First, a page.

So I’ve known my mom my entire life. You’d think I’d know all of the really important things that happened to her after spending this long getting to know her. But today she dropped a bombshell right in the middle of breakfast.
I had just finished commenting on how much of a role model she was for me – choosing to start her own business cleaning houses, making a career that fit the needs of her family. She didn’t work for someone else – she placed ads in local newspapers and slowly built up her own thriving business with loyal clientele. It took courage, and she was really good at it. She was happy – I remember her constantly whistling while she cleaned the homes of her clients. She had others who worked for her, too – including, at times, me – a very unwilling teenage daughter. She never complained that she cleaned homes – she embraced the opportunity where she found it, jumped in with both feet and grew it into a business with steady customers for over twenty years.
We were at breakfast this morning at a local restaurant – a date we keep regularly – and in the middle of our reminiscing over the “good old days” she shared something I never knew about her.
“You know one of my clients once offered to set me up in my own business – I could have been the first Molly Maids?”
No. Not, actually I did not know that.
“Yes,” she said, “He used to say, ‘Pat, you shouldn’t be cleaning houses. You could be running a bigger company doing this. I have money. Why don’t you let me set you up in business?’ She stopped for a moment. “But, well…” her voice trailed off into silence.
“Why didn’t you take him up on it?” I asked. I had no idea she’d been offered such an amazing opportunity. I knew the client who she was referring to. He was wealthy, grounded and a kind man. He was always so respectful to us when were in his home – treating us as guests instead of “the help”.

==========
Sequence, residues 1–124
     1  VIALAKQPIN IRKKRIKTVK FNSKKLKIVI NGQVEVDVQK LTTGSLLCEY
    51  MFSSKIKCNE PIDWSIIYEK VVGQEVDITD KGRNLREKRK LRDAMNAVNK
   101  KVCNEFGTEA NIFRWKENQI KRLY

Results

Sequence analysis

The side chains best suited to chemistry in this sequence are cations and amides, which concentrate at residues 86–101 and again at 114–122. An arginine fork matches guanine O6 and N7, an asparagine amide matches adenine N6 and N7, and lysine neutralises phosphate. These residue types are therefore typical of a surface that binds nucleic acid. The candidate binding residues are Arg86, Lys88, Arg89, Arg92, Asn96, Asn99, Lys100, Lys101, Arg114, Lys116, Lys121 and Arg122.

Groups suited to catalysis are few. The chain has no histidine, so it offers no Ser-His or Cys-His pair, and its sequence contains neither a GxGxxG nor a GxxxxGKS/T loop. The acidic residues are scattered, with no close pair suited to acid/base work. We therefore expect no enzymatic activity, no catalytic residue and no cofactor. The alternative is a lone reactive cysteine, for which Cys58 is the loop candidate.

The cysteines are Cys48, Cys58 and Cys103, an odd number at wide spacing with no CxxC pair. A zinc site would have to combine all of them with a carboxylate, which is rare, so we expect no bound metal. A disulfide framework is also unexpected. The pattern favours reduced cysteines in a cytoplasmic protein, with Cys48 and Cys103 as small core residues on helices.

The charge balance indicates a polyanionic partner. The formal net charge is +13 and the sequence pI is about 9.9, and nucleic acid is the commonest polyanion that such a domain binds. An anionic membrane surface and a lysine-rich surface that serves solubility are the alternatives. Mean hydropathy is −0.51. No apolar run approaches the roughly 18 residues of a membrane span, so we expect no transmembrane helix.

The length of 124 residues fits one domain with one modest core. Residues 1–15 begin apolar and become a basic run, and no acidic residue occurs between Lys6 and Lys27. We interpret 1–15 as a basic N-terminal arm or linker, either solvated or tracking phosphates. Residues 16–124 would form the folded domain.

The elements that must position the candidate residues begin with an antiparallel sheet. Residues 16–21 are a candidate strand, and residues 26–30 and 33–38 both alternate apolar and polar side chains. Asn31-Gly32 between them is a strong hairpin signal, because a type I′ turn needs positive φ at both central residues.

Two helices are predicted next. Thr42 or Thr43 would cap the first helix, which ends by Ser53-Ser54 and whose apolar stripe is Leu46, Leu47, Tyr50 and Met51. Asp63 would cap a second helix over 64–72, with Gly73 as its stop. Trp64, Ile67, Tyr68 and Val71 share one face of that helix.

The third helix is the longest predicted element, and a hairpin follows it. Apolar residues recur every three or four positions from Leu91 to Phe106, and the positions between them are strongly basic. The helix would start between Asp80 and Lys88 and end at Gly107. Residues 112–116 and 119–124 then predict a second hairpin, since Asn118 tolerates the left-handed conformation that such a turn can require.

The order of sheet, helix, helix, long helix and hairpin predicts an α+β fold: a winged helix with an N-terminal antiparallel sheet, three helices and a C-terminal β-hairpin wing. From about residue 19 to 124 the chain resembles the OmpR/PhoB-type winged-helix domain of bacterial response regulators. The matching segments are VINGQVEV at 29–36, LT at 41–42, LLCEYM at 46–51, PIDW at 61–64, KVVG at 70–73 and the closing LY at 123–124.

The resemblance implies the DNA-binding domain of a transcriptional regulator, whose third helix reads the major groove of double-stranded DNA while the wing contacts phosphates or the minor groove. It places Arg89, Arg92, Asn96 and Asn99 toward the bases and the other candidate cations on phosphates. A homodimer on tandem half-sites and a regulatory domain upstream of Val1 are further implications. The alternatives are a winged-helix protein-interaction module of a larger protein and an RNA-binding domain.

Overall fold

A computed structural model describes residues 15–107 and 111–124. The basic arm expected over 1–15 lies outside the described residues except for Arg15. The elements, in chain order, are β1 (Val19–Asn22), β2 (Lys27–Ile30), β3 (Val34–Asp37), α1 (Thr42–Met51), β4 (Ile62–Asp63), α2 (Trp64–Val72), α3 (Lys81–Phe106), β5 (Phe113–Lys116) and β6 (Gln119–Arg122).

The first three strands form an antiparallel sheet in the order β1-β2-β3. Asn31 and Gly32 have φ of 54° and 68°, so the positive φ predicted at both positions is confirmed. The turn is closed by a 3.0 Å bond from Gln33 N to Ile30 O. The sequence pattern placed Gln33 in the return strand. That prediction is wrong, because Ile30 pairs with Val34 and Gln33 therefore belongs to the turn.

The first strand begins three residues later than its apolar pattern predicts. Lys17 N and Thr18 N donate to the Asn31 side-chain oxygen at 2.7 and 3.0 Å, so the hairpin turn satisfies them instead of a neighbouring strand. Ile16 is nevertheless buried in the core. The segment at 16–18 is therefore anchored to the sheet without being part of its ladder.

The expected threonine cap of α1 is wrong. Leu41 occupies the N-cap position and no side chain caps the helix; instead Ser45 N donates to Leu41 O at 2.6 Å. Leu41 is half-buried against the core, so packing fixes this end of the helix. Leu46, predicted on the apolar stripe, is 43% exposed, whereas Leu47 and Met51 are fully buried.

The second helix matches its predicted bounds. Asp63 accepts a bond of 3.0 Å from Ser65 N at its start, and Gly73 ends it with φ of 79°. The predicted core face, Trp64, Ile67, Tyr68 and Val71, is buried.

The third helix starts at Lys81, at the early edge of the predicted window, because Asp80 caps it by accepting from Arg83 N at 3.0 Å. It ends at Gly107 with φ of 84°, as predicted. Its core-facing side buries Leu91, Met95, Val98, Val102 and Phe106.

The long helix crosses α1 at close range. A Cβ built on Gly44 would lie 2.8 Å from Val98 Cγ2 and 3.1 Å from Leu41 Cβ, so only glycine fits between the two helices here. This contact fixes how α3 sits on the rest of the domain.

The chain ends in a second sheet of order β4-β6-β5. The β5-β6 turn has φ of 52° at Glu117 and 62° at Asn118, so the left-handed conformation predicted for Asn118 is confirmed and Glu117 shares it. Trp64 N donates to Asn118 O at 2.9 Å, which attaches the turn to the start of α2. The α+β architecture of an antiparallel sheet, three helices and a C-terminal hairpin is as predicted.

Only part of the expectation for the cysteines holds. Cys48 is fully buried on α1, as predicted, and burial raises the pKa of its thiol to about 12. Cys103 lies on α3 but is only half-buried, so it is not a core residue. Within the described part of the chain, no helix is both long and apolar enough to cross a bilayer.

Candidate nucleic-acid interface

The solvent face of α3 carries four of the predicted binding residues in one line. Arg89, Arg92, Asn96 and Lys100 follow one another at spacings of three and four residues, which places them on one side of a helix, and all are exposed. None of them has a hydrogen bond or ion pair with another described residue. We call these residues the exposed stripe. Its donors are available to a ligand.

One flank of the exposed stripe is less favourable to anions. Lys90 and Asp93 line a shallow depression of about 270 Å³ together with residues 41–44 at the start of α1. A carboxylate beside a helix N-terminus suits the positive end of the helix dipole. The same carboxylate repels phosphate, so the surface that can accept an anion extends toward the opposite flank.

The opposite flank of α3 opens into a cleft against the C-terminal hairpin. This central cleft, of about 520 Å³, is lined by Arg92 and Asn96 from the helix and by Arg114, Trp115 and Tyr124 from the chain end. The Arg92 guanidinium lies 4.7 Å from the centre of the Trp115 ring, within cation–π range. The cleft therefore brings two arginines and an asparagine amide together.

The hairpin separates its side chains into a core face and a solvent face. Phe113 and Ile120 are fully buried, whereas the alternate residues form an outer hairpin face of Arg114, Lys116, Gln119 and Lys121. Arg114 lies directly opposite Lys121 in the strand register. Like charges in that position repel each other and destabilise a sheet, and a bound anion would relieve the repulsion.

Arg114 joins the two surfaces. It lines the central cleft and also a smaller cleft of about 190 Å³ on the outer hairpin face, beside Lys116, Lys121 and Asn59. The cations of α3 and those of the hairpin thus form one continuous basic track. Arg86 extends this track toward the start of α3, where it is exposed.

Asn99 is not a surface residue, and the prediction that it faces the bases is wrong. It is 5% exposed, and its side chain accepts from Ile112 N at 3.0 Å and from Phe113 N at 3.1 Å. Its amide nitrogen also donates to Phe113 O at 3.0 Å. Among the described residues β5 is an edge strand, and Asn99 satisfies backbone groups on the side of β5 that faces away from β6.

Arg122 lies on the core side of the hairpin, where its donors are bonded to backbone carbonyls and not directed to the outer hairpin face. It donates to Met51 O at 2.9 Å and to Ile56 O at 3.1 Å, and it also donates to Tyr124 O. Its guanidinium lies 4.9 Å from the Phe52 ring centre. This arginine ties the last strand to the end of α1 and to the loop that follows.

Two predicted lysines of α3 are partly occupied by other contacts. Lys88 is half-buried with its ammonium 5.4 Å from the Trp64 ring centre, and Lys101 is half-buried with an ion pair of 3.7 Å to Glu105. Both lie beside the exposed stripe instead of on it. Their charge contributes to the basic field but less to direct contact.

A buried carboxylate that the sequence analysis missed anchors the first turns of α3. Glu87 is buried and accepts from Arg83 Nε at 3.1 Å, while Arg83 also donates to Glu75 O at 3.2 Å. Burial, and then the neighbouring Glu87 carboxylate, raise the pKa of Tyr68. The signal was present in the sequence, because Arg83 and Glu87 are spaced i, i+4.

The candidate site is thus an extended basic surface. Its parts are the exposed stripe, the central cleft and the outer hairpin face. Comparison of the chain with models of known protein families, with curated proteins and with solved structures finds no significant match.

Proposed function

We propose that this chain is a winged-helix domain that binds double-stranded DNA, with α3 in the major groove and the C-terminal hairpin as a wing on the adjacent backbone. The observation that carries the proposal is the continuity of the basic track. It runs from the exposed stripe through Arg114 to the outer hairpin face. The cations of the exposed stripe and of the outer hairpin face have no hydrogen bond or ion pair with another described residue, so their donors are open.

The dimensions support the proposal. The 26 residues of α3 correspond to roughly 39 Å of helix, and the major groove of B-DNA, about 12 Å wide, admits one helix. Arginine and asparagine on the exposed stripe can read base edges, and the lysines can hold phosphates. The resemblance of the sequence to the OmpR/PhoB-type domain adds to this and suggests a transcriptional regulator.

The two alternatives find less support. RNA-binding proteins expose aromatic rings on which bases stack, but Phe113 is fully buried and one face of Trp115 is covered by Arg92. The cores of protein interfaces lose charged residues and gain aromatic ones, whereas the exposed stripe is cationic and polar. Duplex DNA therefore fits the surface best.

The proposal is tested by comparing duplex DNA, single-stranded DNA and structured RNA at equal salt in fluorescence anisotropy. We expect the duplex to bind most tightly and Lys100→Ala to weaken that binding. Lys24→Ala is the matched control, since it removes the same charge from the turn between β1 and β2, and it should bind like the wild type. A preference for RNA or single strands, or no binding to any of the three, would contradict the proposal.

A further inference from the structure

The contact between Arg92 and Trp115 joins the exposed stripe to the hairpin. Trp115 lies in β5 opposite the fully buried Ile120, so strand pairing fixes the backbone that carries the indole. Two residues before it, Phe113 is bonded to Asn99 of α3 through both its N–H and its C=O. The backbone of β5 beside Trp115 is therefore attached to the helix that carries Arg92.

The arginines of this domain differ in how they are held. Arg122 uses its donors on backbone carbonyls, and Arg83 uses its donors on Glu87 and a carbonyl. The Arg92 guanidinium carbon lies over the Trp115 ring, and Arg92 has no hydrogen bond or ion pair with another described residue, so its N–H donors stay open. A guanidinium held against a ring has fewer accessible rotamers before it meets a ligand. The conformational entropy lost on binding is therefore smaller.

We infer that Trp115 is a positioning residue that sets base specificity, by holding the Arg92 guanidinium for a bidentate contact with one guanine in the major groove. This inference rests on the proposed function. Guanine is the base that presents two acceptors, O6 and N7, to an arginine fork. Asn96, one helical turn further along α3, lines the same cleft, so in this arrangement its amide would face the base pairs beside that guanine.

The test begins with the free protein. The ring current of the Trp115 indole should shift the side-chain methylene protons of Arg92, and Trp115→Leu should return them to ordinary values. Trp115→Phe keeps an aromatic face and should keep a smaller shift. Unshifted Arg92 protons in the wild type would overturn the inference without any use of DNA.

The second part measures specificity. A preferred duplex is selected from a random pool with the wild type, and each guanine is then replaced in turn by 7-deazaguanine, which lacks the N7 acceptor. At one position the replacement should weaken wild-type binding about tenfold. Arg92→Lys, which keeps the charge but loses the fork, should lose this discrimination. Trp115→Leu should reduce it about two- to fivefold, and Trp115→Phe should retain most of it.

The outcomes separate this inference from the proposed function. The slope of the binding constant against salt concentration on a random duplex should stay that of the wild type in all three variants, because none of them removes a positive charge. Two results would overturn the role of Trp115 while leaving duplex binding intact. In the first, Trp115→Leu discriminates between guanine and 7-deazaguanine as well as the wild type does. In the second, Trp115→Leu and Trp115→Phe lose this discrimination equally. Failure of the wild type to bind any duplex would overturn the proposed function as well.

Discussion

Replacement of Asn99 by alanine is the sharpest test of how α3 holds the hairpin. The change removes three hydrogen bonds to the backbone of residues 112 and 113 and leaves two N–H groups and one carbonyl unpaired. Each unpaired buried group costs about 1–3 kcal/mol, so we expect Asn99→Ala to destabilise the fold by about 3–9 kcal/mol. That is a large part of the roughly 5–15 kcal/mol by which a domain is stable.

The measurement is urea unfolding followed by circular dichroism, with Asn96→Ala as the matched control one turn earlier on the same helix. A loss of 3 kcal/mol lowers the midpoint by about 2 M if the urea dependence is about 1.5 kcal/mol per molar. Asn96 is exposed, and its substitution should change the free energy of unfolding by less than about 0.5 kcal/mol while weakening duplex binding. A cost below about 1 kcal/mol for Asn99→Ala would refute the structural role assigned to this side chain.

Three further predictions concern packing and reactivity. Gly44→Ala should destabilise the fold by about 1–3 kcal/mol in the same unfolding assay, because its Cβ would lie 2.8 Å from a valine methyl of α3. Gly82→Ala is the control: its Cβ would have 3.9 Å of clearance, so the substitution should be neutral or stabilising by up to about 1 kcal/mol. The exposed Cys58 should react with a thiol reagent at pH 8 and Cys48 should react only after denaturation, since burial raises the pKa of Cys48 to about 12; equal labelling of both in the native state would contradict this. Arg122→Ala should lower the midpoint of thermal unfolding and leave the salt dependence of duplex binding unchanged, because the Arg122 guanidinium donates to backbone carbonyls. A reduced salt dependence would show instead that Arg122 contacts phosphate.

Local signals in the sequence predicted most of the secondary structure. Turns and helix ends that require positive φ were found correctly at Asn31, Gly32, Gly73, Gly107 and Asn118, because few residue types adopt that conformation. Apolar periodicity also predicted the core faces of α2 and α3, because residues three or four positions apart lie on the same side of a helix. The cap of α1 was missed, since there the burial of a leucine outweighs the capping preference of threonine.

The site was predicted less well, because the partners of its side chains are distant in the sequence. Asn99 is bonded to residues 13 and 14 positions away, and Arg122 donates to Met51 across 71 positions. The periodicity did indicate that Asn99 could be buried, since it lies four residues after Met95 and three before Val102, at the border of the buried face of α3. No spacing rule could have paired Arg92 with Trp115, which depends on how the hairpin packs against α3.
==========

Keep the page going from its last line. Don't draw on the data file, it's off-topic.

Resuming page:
My mother was quiet. I could see the memories, the conversations of a different life than the one she had now. Sadness washed over her face as she resurrected a memory of lost opportunities, broken dreams. Finally she spoke. “It was different then. It would have meant a lot of changes for our family, and it would have been asking a lot of your father. It didn’t … it didn’t work out.”
There was so much more said in what she didn’t say. She was a ‘fifties wife, part of a generation of women who were expected to be at home serving the needs of husband and family – a stereotype that held so many women back from dreams and opportunities just because of being born into a different generation. I was reminded in that moment of a friend whose mother had recently passed away. The obituary, in its stated facts of her life, told the same story – a woman who, in the middle of her pursuit of her PhD, walked away from it all to raise her family.
Please don’t get me wrong. There is nothing – nothing at all – wrong with that choice. There is a lot that is right in it. Love of family, the joy of raising children, of making life easier for one’s spouse – all excellent reasons to choose a certain way of life. There was a time in my own life when it was all I wanted for myself. I have deep respect and admiration for women who choose that path.
But in that conversation, it became so very real – the price that almost an entire generation of women have paid so that our generation can be the women we are – forging new ground as more and more of us become founders of our own companies, CEO’s, leaders of major corporations and in government. Gender bias is still rampant, and I’ve seen more than my share of men behaving like schoolyard bullies towards women who are breaking down barriers. But things are changing, and momentum is growing.
My mother was the first person who invested in my company. “Because we believe in you,” she said the first time she handed me a check written out to APPCityLife, Inc. I wasn’t sure I deserved her faith back then. And after today, I realize that this is not just my dream. I am in this for her, too – for the dreams my mom chose to forsake for the peace and stability of our family, for the price she paid as a 50’s wife. That’s a lot of responsibility, but she’s taught me well. She had the courage to take something that could have been a drudgery and turned it into a thriving business. I have a great role model to follow.